Discussion in 'Other Music' started by Brandon, May 28, 2013.
Holy fucking fuck!
Apparently there was a rumor earlier in the month that a new song could be coming June 6th. I'd never heard of this.
He sounds really excited. The music should be phenomenal. I still don't get the decision to team up with a label after all his bad-mouthing and financial success going solo.
He already addressed this in a Reddit AMA I believe. The gist of it was that the amount of effort that goes into manufacturing, distribution and marketing of music is best left to professionals.
Obviously he has an agreement with Columbia over creative control, though. Trent would never allow himself to be boxed in again.
I was just going to post this. Exciting news!
He had no marketing for Ghosts and made a fortune. Obviously the contract must be vastly different than most or else I don't see the sense of it from a monetary perspective.
Wow, that's awesome!
It's been a fucking while since he released new stuff with NIN. Very excited to hear this!
Ghosts wasn't really something that needed marketing. It wasn't something that was going to be played on the radio or a big seller. The majority of people who were going to buy it were hardcore NIN fans, which is why the digital release route was more worthwhile.
Obviously he feels it's worth it for someone else to handle the manufacturing, distribution and marketing for him. He wouldn't saddle up with them if he didn't.
I'm sure the music is going to be great but I personally can't stand Reznor's singing so I'm not overly excited for this.
That's what turned me off from his music for a long time. I didn't start listening to him until I was out of high school about 7 years ago. Eventually my tastes changed and I realized a talented vocalist is extremely common and the instrumental is what makes the artist really stand out. And how well the instrumental meshes with the vocals (if there are any). Vocal ability lost most of its importance to me. Reznor is a genius musician and a well below average professional vocalist, but his ungodly insane instrumentals go incredibly well with his voice and he emotes better than mostly anyone I've heard. This creates something astounding to me that is much more special than a great vocalist with a run-of-the-mill band.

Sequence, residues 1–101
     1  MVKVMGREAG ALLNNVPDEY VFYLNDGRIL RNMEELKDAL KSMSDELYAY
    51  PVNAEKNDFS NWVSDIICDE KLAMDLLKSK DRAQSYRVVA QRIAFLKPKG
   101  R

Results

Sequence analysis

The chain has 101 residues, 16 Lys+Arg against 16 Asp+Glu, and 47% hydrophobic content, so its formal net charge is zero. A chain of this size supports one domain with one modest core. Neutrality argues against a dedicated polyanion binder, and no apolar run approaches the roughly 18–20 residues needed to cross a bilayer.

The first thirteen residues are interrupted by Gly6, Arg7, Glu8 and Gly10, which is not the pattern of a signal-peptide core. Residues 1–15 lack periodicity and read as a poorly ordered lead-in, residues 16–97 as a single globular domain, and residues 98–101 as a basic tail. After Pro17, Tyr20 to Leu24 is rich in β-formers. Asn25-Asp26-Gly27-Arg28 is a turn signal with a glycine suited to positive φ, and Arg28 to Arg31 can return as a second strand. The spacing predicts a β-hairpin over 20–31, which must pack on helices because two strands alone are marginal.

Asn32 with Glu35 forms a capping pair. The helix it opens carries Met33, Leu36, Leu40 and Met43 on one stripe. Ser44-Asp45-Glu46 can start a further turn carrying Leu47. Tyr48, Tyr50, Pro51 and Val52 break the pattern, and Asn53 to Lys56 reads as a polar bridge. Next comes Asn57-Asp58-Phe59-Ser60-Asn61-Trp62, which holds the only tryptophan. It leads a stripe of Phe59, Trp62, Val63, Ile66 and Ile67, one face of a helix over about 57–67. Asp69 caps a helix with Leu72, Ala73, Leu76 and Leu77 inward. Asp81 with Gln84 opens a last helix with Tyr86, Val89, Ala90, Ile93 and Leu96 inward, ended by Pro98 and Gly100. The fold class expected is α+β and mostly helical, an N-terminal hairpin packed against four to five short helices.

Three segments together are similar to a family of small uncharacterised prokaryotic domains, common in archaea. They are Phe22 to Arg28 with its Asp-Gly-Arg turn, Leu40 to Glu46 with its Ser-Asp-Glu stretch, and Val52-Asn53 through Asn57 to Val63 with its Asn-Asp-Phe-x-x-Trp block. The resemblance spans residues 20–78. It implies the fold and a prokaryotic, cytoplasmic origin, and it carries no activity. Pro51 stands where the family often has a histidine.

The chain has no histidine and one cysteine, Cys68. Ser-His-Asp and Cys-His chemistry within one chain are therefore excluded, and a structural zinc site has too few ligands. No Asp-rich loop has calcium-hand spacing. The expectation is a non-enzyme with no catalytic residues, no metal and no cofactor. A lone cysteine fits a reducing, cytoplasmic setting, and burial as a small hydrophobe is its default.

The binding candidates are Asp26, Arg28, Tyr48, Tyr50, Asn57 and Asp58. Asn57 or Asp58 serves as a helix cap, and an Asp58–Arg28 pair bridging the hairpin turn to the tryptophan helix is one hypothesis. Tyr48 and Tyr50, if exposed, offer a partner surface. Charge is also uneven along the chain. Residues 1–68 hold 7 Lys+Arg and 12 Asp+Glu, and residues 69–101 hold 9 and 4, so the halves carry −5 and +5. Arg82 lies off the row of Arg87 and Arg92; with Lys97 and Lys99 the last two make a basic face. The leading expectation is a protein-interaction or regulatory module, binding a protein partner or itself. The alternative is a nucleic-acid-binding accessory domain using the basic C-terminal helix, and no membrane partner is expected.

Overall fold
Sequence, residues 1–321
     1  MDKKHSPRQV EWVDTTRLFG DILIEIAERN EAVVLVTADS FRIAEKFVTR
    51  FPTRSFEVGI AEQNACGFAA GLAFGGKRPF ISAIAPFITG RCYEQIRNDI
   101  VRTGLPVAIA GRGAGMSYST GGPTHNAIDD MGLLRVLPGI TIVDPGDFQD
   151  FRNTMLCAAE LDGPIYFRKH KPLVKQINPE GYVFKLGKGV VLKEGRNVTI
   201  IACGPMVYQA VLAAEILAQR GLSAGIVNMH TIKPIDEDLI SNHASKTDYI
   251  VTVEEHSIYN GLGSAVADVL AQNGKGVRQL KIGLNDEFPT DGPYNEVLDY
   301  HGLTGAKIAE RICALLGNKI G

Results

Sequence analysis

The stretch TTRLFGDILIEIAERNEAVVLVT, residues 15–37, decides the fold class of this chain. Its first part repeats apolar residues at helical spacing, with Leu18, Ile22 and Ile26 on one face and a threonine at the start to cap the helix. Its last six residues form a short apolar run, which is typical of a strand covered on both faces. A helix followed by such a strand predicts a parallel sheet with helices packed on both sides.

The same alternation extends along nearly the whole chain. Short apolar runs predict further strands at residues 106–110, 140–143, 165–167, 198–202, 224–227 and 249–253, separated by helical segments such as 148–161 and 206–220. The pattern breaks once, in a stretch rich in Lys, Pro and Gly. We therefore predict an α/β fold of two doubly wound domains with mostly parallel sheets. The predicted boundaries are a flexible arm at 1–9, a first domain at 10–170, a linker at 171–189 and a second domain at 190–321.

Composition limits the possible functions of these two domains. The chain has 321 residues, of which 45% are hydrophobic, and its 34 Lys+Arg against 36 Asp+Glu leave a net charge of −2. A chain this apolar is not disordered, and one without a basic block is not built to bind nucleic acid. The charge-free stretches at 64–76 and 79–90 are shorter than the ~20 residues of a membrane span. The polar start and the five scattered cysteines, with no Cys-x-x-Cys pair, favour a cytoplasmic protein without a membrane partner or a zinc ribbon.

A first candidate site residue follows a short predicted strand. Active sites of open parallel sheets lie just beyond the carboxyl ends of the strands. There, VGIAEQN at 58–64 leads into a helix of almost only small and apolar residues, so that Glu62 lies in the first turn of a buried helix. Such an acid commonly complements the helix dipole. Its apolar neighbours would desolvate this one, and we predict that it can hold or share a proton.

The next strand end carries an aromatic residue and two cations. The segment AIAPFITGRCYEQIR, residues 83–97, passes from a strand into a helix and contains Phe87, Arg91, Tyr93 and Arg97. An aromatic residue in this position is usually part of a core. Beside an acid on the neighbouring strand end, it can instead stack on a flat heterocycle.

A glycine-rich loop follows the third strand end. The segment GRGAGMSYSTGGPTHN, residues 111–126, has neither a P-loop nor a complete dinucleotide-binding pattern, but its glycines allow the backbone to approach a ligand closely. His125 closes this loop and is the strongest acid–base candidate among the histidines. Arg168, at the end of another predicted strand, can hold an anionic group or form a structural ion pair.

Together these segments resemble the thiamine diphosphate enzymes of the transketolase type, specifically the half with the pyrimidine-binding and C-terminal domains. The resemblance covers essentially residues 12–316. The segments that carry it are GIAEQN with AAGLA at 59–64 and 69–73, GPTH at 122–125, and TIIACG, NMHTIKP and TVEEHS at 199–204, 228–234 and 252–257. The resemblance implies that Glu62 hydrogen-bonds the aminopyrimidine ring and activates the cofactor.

Edit: Putting emotion into instrumentals is becoming a lost art the bigger this generation of Pop music becomes. Pop people want catchy lyrics or vocal melodies they can get stuck in their head. They hardly notice or care about the rest of the band.
Maynard James Keenan and Tool/APC give me a similar feeling that Trent does with his music. Even though Maynard is one of the best vocalists ever, it's their haunting and devastating instrumentals that draw me in. Maynard's emoting with his voice is much more important to me than his skill level which is just an added benefit.
TL;DR - vocal ability is overrated. Trent is god.
I agree with most of your post, except for the "pop" part. Even a catchy pop instrumental can be full of emotions, as long as it is well executed. At least I think so. I was just listening to a french hip hop song which isn't really anything but a modern gangsta rap beat repeated over and over again with some MC mceein over. But I can guarantee you can feel the passion through it, it really makes me feel something.
But anyway yes, I think the most important is not the vocal ability but how well the vocals match the instrumental. And in that regard NIN stands out at the top of the game to me.
How much "emotion" a beat packs is entirely subjective. Nine Inch Nails' body of work is largely pop music, even if you don't call yourself a "pop" person.
If they play here and I have enough time and ca$h to go, we are so moshing together
He made a fortune with the help of the 2,500 ultra limited edition packages that were over $300 (around $750k). Without that, it'd just be another instrumental album that did "okay". At this point in the game, I have complete faith in Trent. If he wants to sign to a major label, so be it. He's a smart guy, and like Mark said, he's not going to let himself be boxed in again like he was with TVT and to a lesser extent, Interscope.
I thought I read Ghosts raked in $3 million for Trent in the first couple weeks. I may or may not be remembering that right, though.
He had a number of different priced "_____ editions" of the album, plus the pay what you want method he used with Saul Williams, and Radiohead popularized. The $300 edition was just the highest priced, super limited edition. I think there was like 4 different physical copies of the album, plus the digital version. He probably did make around that figure all together, but that was with a number of different versions of the album. It's not like he released one standard album by himself and instantly made $3 million.
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